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United 93

If there's one adjective to aptly describe United 93, it's rigorous

United 93
United 93
Starring: Christian Clemenson, Trish Gates, Polly Adams, Cheyenne Jackson
Directed by Paul Greengrass
Rating: ***

If there’s one adjective to aptly describe United 93, it’s rigorous. Paul Greengrass is extremely thorough in recreating the events aboard the flight from Newark to LA on September 11, 2001. It was one of the four hijacked planes that missed its target due to the sudden intervention by its passengers. Instead of hitting the Capitol Hill it crashed at Shanksville, Pennsylvania.

The film doesn’t offer any insights, nor does it deeply analyse the politics and repercussions of those globe-shattering events. It just aims to be an accurate docu-feature. We begin with the terrorists praying and preparing for their suicide mission and then move on to the airport. The feeling of imminent doom magnifies in the face of the humdrum of daily flights. It’s just another ordinary day for an ordinary set of people who are engaged in commonplace conversations. The camera captures it in a matter-of-fact, clinical manner. We keep alternating between two playgrounds—the airplane and the control rooms. Greengrass slowly builds a sense of urgency in the routine procedures and eventually confusion takes over. The hand-held camera and quick cuts add to the tension.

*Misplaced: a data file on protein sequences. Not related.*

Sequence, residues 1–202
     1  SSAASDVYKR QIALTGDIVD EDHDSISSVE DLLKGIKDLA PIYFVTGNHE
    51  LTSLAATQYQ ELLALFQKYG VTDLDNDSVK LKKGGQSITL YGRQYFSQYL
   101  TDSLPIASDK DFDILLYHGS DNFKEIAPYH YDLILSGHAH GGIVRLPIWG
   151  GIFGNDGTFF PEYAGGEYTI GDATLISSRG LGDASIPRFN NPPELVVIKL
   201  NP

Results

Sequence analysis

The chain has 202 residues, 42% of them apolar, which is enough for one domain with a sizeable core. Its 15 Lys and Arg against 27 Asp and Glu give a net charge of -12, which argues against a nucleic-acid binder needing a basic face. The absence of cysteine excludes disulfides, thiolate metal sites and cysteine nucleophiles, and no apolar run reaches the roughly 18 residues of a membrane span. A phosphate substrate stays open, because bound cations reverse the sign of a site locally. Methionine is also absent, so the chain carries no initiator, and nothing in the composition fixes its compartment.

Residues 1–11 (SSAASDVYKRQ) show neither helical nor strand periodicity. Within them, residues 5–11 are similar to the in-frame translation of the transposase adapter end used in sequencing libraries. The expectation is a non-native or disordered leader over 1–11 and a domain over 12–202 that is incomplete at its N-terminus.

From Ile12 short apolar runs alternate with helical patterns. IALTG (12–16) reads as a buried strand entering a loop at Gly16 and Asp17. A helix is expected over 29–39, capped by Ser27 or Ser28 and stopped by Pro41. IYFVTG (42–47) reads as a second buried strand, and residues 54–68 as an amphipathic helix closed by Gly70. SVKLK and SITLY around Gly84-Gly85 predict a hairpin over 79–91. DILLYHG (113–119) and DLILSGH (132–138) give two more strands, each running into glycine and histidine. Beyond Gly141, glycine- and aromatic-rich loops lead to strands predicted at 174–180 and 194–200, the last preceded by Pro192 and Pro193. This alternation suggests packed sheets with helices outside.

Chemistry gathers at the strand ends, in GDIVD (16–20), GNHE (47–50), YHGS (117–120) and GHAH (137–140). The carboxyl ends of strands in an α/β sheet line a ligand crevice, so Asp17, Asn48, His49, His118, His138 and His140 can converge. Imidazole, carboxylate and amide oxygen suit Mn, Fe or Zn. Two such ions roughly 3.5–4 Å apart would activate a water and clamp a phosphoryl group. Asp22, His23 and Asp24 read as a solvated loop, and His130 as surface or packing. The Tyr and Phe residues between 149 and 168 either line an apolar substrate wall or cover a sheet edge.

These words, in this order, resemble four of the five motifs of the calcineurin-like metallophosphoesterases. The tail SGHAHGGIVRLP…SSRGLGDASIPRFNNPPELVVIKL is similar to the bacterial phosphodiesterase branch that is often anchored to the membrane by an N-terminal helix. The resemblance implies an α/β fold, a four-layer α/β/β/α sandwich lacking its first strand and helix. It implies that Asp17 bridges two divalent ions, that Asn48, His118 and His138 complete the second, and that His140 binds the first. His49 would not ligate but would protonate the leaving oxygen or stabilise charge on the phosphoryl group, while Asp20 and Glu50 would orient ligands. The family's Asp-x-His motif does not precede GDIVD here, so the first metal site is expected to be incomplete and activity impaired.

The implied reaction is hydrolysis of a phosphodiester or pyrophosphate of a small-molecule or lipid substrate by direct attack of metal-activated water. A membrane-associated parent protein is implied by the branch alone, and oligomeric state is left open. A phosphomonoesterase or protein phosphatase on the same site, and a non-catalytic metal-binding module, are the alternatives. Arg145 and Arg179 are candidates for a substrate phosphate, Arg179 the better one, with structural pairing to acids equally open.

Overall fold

In the face of what we already know, little details turn chillingly ironic. Like the delay in take-off for United 93 even as American 11 goes off the radar, or the shot of WTC from 93 a little before it would have exploded.

None of the characters are fleshed out, their personal histories and stories not told, in fact, you don’t even get to know their names. What’s more, all roles are played by non-professionals which only adds to the film. After all, it’s not individuals who are important but the situation that they are caught in because of their collective fate.

The film pulls you into its world, turns you a passive participant. You can feel the desperation of the passengers and as they run to the cockpit to wrest control you almost hope for a safe landing.

My only problem was with the depiction of terrorists. Does the film add to their "otherness" and to our fear of "them"? I felt uncomfortable but perhaps that is reality.

High Fives

1. Lage Raho Munna Bhai
2. Naksha
4. Omkara
5. Dil Diya Hai

1. The Covenant
2. Hollywoodland
3. Invincible
4. Tom Yum Goong
5. Crank

Hip-Hop & Rap
1. Demon Days (Gorillaz)
2. Respected M.E. (Missy Elliott)
3. The Rising Tied (Fort Minor)
4. St. Elsewhere (Gnarls Barkley)
5. Idlewild (Outkast)

Courtesy: Film Information

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